May bank holiday weekend is traditionally when Birmingham city centre becomes one big party celebrating Pride, but this year organisers have made the wise decision to reschedule the festivities to September.
Under normal circumstances: drag queens would be donning teased wigs and sequins; Sonia would be ironing a frock in preparation for her annual trip out of the care home; pubs and bars would be stocked up, marquees and stages erected, rainbow bunting hung and banners unfurled outside each venue, promoting their line-up of entertainment.
Several years back, one such banner, hanging across the front of Eden, caught my attention, as it advertised actress/singer/dancer Bonnie Langford as headlining Saturday night.
I have got to know Bonnie a little from working with her on various personal appearances, so popped into the pub to find out details.
Eden’s matriarch, Maura, was behind the bar.
I inquired, “What time is Bonnie Langford appearing on stage?”
“Around eleven, I t’ink,” she told me.
“In the morning?”
Maura gave me that look Dorothy from The Golden Girls reserves for Rose when she says something particularly dumb, while I performed a mental facepalm.
“I’m sorry, of course she’s not going to be performing at eleven am,” I apologised, shamefully. They were hardly going to book her for breakfast cabaret.
I turned and headed for the door, feeling Maura’s pitying stare on the back of my neck as I skulked out.
Bonnie Langford, a veteran performer in her mid-50s, has suffered from the enduring stigma of all-singing/all-dancing stage-school starlet, an image seared on the nation’s consciousness by her childhood role in Just William, as precocious Violet Elizabeth Bott and her exuberant ‘teeth, tap and curls’ appearances on countless light entertainment productions in the 70s and 80s, but this is far removed from the grounded professional I have encountered.
Once, on stage with a colleague of mine, she modestly described herself as, “Just… an old turn.”
Deciding to conclude Bonnie’s appearance using her own words, but having misheard, this colleague announced, “Please put your hands together for ‘an old tart’…”
His face was a picture when, after waiting for the applause to subside, she politely explained that wasn’t actually what she had said.
In recent years, the public perception of Bonnie Langford has undergone a transformation, due to her portrayal of Carmel Kazemi on, BBC soap opera, EastEnders. A central storyline saw her character lose a son to knife crime, earning Bonnie the Best Newcomer gong at the British Soap Awards in 2016, an ironic victory for an ‘old pro’ of stage and screen who has been performing since the age of three. It only took fifty year to become an overnight success.
Back at Eden’s Canopied cabaret, Bonnie burst onto stage to an enthusiastic welcome from the crowd of inebriated Pride revellers and belted out a medley of show tunes and camp pop classics, closing with a remix of I Lost My Heart to a Starship Trooper, including soundbites from her time on Doctor Who, much to the delight of, the surprisingly numerous, sci-fi fans in the crowd.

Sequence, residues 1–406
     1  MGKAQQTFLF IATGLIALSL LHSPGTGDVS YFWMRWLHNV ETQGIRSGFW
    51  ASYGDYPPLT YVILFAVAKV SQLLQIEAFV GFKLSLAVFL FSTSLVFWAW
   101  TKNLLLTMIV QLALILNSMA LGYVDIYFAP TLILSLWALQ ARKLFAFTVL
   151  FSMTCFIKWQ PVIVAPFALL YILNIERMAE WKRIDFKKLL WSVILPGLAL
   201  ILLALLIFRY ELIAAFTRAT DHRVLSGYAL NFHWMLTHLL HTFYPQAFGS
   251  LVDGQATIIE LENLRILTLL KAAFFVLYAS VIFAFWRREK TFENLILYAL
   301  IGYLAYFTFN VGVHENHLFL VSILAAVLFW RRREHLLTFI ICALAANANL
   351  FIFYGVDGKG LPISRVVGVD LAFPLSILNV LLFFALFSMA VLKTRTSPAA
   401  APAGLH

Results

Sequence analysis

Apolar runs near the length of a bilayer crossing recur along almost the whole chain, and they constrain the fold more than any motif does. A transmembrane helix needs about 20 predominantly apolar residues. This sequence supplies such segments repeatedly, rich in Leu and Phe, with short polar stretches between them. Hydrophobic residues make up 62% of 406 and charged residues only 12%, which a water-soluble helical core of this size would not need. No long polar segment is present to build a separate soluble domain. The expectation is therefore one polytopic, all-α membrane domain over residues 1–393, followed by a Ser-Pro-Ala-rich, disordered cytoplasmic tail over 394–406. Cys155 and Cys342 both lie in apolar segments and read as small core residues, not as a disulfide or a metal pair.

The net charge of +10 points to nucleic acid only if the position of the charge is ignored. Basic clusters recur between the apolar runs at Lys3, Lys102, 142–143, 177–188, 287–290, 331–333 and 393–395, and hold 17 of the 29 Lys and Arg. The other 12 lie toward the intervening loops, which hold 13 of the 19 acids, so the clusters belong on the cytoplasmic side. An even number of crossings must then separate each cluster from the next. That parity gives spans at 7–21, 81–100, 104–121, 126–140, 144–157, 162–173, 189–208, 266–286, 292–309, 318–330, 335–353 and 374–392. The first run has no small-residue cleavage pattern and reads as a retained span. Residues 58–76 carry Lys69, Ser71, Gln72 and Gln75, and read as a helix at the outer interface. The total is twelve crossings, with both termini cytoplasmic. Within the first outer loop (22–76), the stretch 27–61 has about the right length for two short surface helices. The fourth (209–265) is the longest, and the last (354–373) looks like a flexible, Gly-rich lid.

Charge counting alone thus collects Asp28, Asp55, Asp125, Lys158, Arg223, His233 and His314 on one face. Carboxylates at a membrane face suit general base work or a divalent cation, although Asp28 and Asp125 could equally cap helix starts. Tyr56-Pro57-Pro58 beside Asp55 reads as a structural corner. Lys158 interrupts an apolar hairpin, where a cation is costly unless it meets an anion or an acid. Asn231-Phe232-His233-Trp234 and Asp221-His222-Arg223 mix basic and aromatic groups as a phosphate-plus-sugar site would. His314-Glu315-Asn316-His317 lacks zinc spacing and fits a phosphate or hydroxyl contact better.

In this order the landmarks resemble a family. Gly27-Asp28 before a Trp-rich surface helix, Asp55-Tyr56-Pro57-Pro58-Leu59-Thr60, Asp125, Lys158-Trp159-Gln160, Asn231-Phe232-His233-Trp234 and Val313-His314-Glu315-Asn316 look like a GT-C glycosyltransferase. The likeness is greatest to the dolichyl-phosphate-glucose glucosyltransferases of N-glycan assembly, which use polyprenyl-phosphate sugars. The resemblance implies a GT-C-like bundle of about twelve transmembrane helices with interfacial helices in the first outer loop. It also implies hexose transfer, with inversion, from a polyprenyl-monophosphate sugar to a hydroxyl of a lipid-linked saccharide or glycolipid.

I got to catch up with Bonnie afterwards.
As we chatted, several people approached for selfies and autographs, which prompted me to ask, “After your appearance on The Catherine Tate Show (where closet case, Derek Faye, inevitably gives her one of his infamous rants after she casually mentioned that she has many “gay fans”) has anyone at the stage door had the audacity to tell you to ‘Shut up and sign, Ginger!’ (A quote from the conclusion of the sketch)?”
“No, not that,” she laughed, “but there was this one young man at a train station…”
Bonnie went on to tell me how, when she had asked the booking clerk for a ticket, he responded, “Who, dear? Me, dear? Gay, dear?”
She didn’t pick up on the reference to Catherine Tate’s character and went into a panic, spluttering, “B…b…but, I didn’t say you were gay.”
“He just kept it going,” Bonnie told me. “It was awful. I felt myself go all hot and cold at the same time. All I could think was, How has this happened, I only asked for a return to Nottingham?!”
She explained, “You film these things so far in advance and never know when they are going to be shown. It wasn’t until he said, “How very daaaaare you?”, that the penny finally dropped, and I felt a wave of relief. Apparently, the episode had been broadcast the night before.”
Several months later, I was working with Bonnie again in a church hall in West London (The glamour of showbiz!). She walked into the kitchen where I was washing mugs, so I cheekily nodded at the tea towel and suggested, “I’ll wash, you dry.”
“I don’t do dishes at home,” she replied, “I’m not starting here.”
I mentioned her appearance at Birmingham Pride.
“What an insane night that was,” she recalled. “I finished a show in the West End, jumped in the car, drove up to Birmingham, where I practically stepped straight onto stage, performed this gig for a fabulous crowd that had been drinking all day, caught my breath, then got back in the car and drove home. I just sat behind the wheel, driving down the M1, thinking, Did that really just happen?”
Well, yes it did… and a ‘bonnie’ wee night was had by all.
Come back to Brum soon. X
I am looking forward to learning what old turns will be performing at this year’s Birmingham Pride… and old tarts for that matter. I am sure there will be plenty of both.